The numbers: U.S. builders started construction on homes at a seasonally-adjusted annual rate of 1.53 million in October, representing a 4.9% increase from the previous month’s figure, the U.S. Census Bureau reported Wednesday.
Permitting for new homes occurred at a seasonally-adjusted annual rate of 1.545 million in October, unchanged from September.
Economists polled by MarketWatch had expected housing starts to occur at a pace of 1.49 million and building permits to come in at a pace of 1.57 million.
What happened: The upsurge in housing starts was driven by a 6.4% rise in single-family starts, as multifamily construction activity dipped once again, this time by 3.2%.
All regions except the Northeast experienced an increase in housing starts despite rising coronavirus cases across many parts of the country, led by the 12.9% increase in the South. Permitting rose slightly in the South, West and Midwest, but fell markedly in the Northeast.
The big picture: The housing starts report follows yesterday’s release of the November home builder confidence index from the National Association of Home Builders. The index inched higher for the fourth consecutive month, demonstrating the upbeat outlook in the construction industry.
Indeed, virtually every home builder is seeing rising sales as Americans look to leave urban areas for larger homes in the suburbs only to find very few existing homes up for sale.
But builders naturally face roadblocks as they attempt to ramp up the pace of production. There’s only so much skilled labor to go around, and the availability of buildable lots and supplies also puts constraints on the speed with which they can construct new homes.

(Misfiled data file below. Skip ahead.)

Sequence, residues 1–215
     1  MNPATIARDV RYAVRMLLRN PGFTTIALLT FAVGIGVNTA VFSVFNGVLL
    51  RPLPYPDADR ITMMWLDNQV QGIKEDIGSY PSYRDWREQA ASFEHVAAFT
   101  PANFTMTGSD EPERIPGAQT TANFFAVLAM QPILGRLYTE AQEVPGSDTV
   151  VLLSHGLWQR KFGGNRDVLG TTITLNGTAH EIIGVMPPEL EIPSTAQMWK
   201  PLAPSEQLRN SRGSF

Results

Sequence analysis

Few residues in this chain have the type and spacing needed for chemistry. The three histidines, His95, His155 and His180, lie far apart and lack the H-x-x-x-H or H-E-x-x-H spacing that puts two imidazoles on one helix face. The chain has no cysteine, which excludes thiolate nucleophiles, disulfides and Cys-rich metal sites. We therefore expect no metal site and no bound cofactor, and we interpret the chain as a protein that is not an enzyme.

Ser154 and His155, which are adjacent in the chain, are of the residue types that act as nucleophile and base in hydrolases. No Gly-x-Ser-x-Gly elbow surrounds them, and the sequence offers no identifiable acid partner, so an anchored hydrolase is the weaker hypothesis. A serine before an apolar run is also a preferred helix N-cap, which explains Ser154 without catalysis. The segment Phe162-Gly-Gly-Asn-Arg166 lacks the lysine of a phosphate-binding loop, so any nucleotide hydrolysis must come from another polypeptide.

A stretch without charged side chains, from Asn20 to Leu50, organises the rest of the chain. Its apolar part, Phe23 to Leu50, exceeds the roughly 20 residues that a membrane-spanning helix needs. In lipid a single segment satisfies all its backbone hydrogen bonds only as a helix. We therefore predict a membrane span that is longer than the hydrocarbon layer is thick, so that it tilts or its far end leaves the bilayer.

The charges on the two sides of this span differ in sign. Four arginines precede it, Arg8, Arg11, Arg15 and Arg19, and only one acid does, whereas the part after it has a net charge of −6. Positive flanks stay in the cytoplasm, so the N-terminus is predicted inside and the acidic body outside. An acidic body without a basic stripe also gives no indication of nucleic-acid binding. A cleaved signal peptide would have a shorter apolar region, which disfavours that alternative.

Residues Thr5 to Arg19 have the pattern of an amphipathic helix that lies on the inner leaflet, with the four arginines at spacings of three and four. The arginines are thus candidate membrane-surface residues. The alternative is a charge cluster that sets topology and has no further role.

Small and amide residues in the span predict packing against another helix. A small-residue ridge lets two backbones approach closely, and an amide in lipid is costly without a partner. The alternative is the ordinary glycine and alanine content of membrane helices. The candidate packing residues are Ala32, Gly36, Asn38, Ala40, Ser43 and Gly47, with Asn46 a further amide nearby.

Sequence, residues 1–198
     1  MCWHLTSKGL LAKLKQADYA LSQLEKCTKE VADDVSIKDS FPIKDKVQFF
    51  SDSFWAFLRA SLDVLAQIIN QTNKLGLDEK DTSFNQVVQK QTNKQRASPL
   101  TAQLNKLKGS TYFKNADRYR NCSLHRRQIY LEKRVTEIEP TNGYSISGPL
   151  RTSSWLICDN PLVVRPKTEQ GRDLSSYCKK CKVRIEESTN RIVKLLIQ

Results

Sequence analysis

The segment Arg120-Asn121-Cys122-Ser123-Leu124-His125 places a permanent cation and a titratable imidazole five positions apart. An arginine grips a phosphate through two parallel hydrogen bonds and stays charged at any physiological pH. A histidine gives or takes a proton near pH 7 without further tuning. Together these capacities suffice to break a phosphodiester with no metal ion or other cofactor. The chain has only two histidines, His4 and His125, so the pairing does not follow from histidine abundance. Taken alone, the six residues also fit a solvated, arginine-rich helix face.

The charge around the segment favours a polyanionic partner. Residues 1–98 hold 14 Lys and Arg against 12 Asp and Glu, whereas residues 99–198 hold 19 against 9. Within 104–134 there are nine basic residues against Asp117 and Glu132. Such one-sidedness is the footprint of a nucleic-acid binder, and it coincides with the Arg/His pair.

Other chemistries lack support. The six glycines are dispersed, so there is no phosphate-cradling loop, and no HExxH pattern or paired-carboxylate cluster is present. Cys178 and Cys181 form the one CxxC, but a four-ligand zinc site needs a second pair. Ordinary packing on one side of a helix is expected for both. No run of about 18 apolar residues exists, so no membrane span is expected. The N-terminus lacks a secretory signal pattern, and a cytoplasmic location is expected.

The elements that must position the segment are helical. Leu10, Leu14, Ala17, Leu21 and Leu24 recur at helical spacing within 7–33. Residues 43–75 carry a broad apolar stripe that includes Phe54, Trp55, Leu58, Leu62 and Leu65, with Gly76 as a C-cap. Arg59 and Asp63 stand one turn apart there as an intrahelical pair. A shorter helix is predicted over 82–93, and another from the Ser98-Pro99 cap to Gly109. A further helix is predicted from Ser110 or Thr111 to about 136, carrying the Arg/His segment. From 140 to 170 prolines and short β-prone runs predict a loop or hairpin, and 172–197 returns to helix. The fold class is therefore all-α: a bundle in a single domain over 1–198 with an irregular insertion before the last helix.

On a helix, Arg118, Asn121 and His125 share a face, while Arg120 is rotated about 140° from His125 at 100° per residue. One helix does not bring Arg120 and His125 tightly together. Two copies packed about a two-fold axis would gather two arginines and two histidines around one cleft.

Of course, home-building firms aren’t necessarily complaining about this. “Those operating in many other sectors of the economy would love to have such problems,” noted Joshua Shapiro, chief U.S. economist at financial consulting firm Maria Fiorini Ramirez.
What they’re saying: “Demand has been boosted by record-low mortgage rates and a sudden shift in preferences toward larger homes with more space outside the core of major cities. And, there simply has not been enough resale supply to meet this demand,” Robert Kavcic, senior economist at BMO Capital Markets, wrote in a research note.
“Home builders are walking a tightrope between increasing costs of labor, materials and land, and eager buyers seeking larger homes in suburban neighborhoods. While they are well-positioned to meet the needs of buyers in these neighborhoods, the volume of new construction still lags the number of buyers,” said George Ratiu, senior economist at Realtor.com.